2:06 02 – Polina Smolova. Not bad, although I not sure the storytelling that appears to be happening in this song will play well with an audience that doesn’t understand Russian. She totally dissed the dancer with the brooding Russian soul. Makes sense, she needs to focus on her career right now.
2:10 03 – Alsou Zainutdinova. Atrocious vocal. Major warble problem. The costumes and choreography are suggestive of someone who became interested in Indian culture exactly one month ago.
2:13 04 – Zhenya Otradnaya. Best vocal on the night so far, but she needs to rethink the wedding dress. And I just don’t know if “porque, porque porque. Amor, amor, amor” is going to cut it with Russian voters.
2:15 05 – Andrei Mararenko. Wall of Voodoo sings Rick Springfield. A silly song, but it amuses. “Siberia Ba-ba-beria.” The camos make them dangerous.
2:23 06 – Anna Mushak. They’re trying to force rhyme “middle” and “needle.”
2:26 07 – Nora Adam. This sounds like the Minnie Driver vocal from Golden Eye. “Gotta let it go.” Indeed, she gotta let her mike go.
2:29 08 – Natalia Terehova. Cute and catchy. I like this one.
2:35 09 – Evgenia Rasskazova. Why can’t they give us a medium shot of her? I’m curious if she is going to fall out of her unbuttoned wedding dress. Ev gives her mild applause.
2:41 10 – Dima Bilan. You do start to gain an appreciation when the English is good. Dima has sprouted roots from his feet planting himself into the stage, and he grows like a flower. That said, a powerful vocal and a relatively non-stupid English lyric.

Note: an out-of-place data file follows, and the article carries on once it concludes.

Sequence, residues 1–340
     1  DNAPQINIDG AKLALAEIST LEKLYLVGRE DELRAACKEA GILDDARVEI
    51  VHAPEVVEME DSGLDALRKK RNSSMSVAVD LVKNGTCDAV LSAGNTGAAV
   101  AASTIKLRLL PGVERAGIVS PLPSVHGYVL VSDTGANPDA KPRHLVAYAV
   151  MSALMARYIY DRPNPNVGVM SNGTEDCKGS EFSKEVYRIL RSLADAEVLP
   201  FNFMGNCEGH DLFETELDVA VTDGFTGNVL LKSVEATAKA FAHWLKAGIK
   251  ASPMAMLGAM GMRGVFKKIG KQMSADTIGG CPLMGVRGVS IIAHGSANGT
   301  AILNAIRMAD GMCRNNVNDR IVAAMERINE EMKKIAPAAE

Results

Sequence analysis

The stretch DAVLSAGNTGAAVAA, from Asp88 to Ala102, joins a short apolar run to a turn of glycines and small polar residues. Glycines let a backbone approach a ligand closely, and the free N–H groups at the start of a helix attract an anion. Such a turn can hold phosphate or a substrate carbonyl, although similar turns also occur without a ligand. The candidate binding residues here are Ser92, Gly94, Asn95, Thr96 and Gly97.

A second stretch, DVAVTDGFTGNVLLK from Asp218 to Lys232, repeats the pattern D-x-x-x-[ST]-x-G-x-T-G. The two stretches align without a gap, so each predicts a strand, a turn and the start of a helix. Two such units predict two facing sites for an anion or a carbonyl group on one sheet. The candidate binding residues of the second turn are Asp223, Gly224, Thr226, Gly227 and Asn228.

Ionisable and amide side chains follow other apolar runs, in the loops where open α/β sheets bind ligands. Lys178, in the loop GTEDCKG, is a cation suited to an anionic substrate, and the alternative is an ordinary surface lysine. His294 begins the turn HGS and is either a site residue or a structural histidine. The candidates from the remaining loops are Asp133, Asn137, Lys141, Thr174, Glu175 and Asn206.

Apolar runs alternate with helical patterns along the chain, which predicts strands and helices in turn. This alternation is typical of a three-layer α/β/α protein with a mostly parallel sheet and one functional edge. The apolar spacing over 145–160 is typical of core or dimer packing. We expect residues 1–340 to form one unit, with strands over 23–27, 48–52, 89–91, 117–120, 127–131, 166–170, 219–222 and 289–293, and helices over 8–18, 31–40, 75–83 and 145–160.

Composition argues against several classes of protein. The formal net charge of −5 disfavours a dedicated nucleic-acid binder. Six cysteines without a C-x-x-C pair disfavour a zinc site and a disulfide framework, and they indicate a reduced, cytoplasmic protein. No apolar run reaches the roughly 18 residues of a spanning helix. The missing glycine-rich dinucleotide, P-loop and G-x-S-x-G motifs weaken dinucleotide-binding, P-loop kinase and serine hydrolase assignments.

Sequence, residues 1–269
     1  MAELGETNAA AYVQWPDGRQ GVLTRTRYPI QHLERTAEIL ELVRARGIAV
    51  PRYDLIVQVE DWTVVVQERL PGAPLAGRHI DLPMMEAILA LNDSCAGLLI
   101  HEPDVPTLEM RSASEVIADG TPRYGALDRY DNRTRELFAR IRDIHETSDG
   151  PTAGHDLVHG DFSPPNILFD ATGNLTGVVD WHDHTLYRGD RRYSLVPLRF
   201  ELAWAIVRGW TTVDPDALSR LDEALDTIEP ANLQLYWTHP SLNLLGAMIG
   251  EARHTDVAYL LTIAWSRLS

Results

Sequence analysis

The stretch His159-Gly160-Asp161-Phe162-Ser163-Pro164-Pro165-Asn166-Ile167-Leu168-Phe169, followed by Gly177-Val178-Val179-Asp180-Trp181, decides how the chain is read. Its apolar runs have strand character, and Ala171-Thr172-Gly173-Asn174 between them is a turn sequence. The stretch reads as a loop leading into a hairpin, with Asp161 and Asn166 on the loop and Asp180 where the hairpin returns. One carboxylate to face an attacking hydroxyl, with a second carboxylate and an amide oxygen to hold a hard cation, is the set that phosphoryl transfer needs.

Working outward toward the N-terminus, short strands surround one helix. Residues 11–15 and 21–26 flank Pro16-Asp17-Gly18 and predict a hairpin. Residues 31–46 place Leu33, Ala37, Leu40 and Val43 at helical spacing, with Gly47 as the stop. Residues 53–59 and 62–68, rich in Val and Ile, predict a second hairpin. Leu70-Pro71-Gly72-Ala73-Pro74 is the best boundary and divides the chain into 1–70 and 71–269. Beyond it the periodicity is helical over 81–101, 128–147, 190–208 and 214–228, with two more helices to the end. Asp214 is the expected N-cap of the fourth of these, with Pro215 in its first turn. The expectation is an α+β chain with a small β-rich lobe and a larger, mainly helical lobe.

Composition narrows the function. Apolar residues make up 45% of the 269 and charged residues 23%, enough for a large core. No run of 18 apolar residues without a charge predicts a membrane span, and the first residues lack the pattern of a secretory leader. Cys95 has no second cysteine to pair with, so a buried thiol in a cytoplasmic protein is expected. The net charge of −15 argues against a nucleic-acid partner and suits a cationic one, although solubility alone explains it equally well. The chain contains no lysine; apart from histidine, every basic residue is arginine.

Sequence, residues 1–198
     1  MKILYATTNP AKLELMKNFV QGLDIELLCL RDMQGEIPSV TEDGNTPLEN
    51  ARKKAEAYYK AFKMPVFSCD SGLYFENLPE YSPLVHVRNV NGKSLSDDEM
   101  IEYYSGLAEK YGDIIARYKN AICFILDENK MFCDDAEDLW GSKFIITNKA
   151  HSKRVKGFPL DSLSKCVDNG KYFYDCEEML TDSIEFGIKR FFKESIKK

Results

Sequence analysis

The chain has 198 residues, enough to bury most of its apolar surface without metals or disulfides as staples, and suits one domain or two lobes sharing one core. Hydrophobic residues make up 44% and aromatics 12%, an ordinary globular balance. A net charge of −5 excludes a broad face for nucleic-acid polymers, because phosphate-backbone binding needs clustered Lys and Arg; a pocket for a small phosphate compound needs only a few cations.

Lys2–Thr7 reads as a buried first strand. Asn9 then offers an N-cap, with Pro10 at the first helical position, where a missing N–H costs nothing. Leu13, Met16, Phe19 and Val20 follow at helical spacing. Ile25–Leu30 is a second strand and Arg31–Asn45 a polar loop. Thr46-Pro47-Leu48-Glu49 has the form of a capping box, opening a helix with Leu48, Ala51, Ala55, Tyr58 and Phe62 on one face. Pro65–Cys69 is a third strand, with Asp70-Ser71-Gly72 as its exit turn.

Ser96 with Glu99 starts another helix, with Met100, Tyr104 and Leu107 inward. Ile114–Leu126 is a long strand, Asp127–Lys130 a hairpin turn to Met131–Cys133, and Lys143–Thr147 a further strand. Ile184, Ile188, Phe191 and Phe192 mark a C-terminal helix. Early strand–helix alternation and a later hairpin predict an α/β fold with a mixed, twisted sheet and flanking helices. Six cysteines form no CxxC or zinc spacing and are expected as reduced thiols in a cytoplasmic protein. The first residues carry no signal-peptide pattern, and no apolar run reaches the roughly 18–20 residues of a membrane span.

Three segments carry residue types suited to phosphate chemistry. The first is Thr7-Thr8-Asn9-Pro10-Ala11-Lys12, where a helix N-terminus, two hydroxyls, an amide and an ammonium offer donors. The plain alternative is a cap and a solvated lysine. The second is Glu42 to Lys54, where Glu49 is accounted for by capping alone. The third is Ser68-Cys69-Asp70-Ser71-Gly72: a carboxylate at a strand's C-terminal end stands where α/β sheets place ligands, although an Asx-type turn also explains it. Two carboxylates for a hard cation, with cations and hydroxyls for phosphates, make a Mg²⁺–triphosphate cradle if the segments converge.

2:46 11 – Elena Gorskaya. Are the backup dancers dressed like priests? Why yes, and we even get Christ imagery during the bridge. Christianity and Islam “somewhere on the edge of the world.” Is this a statement on the Russian stance on the war on terrorism?
2:50 12 – Aleksandr Panayotov. Prop work! Big disco balls, and, wait, DIFFERENT SIZED disco balls now! “The crescent and the cross in the sky…” I see we are now entering the political section of our show with another statement on the war on terrorism. Can’t we all just be friends and love each other? Kumbaya, bitches. C’mon people, Eurovision hates politics, and this one puts the “pain” in “painfully earnest.”